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Same sex shift

PUBLIC opinion in the West has shifted in favour of same sex marriage faster than on any major issue of recent memory. 

Yes supporters in Ireland referendum.(Source: Peter Morrison/TASR)

A poll by The Wall Street Journal in March found that 59 percent of Americans support same sex marriage. In much of western Europe the numbers are even more lopsided: 85 percent of Dutch people, 74 percent in Germany and 71 percent in both Belgium and Spain, according to the Pew Research Center. In the first case of a public referendum legally clearing the way to marriage for same sex couples, some 62 percent of Irish voters approved of a constitutional amendment on May 22.

Those numbers contrast sharply with results in central and eastern Europe. Just 21 percent of Poles back same sex marriage and 30 percent of Hungarians. Though internationally comparable statistics on Slovak attitudes are hard to come by, there is reason to believe that support here is even lower. As part of the European Social Survey conducted in 2010, just 42 percent of Slovaks agreed that “gay men and lesbians should be free to live their lives as they wish.” This trailed Poland (44 percent) and Hungary (45 percent) and was much lower than the Czech Republic’s 64 percent (in Russia it was 25 percent).

Going beyond the numbers it is clear that there is a direct correlation between how open homosexuals can be about their sexuality and public support for same sex marriage in a given society. When homosexuals cease to be mythical figures and suddenly turn out to be brothers, sisters and neighbours – which they have been all along – the desire to see those people find happiness almost always trumps tradition. In societies where gays and lesbians can be who they are without threat of violence, their right to marry looks set to follow.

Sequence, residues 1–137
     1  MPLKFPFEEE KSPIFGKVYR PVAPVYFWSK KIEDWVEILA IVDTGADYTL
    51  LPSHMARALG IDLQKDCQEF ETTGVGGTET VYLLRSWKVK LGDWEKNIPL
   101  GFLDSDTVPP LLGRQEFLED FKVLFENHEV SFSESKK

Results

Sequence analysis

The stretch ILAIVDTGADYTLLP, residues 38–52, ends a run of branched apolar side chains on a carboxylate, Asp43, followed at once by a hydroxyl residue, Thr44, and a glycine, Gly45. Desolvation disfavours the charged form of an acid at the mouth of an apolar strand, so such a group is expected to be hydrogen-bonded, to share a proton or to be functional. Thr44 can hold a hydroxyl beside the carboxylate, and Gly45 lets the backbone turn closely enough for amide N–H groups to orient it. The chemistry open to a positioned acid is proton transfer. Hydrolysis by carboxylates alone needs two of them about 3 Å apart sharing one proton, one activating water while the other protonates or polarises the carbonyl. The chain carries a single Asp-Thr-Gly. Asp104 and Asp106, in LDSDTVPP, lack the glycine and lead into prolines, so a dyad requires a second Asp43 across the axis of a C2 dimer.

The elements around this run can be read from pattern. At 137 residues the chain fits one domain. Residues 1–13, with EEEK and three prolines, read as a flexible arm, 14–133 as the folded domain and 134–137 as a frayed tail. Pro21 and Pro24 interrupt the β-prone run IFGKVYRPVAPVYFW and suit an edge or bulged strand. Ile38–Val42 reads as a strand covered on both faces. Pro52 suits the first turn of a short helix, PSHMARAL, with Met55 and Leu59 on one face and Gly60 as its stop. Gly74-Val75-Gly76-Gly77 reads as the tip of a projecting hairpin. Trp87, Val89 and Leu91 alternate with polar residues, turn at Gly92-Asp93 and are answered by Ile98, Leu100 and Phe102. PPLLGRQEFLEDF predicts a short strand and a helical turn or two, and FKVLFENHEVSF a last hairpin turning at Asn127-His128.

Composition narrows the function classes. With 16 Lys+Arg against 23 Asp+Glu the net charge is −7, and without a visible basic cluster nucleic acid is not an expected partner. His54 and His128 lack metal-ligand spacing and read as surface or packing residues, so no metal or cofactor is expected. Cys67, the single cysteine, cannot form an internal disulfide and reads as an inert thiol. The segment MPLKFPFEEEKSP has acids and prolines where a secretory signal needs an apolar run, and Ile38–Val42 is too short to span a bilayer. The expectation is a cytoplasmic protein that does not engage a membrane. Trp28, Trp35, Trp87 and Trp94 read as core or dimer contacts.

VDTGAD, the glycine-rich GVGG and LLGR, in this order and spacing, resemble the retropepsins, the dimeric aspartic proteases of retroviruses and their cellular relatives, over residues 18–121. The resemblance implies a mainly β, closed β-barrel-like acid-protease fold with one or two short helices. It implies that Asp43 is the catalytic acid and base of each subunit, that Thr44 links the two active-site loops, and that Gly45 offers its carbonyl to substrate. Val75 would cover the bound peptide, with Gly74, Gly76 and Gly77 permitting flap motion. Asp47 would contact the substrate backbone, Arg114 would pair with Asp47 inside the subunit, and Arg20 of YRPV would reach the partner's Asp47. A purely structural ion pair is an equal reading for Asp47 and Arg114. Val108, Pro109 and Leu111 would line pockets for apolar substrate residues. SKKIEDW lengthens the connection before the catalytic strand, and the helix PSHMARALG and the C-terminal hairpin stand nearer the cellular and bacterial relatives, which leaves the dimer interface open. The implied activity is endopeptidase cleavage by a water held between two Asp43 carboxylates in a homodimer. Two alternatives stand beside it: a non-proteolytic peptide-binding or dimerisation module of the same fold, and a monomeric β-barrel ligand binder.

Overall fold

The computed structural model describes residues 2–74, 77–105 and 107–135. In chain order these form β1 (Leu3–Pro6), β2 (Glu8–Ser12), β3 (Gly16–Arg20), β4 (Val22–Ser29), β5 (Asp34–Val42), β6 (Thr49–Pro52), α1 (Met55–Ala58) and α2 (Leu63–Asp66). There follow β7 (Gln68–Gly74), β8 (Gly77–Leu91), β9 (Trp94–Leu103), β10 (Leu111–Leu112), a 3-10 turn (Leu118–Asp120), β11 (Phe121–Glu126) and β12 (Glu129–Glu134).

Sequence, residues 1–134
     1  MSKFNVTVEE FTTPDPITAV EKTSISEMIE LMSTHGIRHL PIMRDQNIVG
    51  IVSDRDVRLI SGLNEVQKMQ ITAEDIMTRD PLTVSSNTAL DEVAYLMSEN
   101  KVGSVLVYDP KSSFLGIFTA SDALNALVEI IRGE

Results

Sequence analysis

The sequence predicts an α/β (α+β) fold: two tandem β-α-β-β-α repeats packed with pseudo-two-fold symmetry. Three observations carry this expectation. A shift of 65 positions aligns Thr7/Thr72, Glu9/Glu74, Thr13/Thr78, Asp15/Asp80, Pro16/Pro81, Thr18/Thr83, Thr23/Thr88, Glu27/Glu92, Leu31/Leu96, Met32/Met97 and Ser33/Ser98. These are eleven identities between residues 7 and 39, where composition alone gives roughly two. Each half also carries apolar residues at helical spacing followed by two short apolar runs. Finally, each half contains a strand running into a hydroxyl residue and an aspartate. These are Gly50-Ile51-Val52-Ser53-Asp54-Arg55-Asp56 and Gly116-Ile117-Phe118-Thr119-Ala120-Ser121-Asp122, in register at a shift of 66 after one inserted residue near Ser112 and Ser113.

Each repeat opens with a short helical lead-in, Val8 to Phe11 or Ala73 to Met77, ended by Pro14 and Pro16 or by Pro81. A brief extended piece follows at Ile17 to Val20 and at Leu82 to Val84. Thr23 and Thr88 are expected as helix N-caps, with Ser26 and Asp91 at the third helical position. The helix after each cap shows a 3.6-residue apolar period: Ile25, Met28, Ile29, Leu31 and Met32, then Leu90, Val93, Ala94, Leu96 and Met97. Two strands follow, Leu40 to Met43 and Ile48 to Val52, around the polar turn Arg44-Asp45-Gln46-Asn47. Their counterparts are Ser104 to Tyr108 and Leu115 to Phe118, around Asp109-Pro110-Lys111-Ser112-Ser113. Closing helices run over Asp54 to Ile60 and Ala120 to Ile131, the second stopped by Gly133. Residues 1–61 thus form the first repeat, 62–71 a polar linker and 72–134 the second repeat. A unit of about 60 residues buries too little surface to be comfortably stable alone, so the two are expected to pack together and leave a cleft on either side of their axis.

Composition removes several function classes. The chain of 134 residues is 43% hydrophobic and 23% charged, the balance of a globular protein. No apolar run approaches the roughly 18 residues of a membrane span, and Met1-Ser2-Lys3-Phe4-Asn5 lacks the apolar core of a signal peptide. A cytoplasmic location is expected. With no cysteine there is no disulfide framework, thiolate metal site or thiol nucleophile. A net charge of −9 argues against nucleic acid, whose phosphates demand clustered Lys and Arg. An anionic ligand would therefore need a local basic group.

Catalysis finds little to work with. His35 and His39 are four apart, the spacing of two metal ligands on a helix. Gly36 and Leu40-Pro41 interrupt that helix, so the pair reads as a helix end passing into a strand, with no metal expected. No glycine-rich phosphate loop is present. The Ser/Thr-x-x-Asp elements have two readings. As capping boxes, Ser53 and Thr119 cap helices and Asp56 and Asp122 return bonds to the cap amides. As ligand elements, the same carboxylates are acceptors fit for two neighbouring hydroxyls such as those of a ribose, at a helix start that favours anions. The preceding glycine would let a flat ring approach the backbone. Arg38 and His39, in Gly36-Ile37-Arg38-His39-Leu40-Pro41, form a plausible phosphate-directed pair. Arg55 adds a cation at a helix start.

While highly organised religious groups – in Slovakia, as in Ireland, this largely means the Catholic Church – do still hold power and frequently oppose such same sex unions, their influence does not overcome personal experience. In Ireland, for example, while it is still nearly impossible to get an abortion, same sex couples are set to get married and even some church leaders are offering a softer tone. When pressed for a position on LGBTI rights, Pope Francis once famously responded: “Who am I to judge?”

But that does not stop others from using God as an alibi for adjudicating earthly morality. Earlier this year Slovak voters – by staying away from the voting booths – rendered void a set of proposed constitutional amendments that would have further curbed the rights of the LGBTI community. Though poll numbers may show Slovaks are still unwilling to let gay and lesbian couples live their lives openly, the referendum results also show they have no desire to actively assault rights further.

This is less than ideal, but could be worse and in Europe the trend is largely one way. In fact, the Slovak referendum is a reflection of the desperation that religious conservatives feel. As was noted at the time, the Slovak constitution already bans same sex marriage. The push for a popular vote reaffirming it is akin to flailing about amid a struggle to swim against the current of progress. Same sex marriage rights everywhere are inevitable. In most European Union member states, it will be sooner rather than later.

In recent days a top cardinal called the Irish referendum a “defeat for humanity”, but the Catholic Church also once found the idea that the earth moved around the sun heretical.

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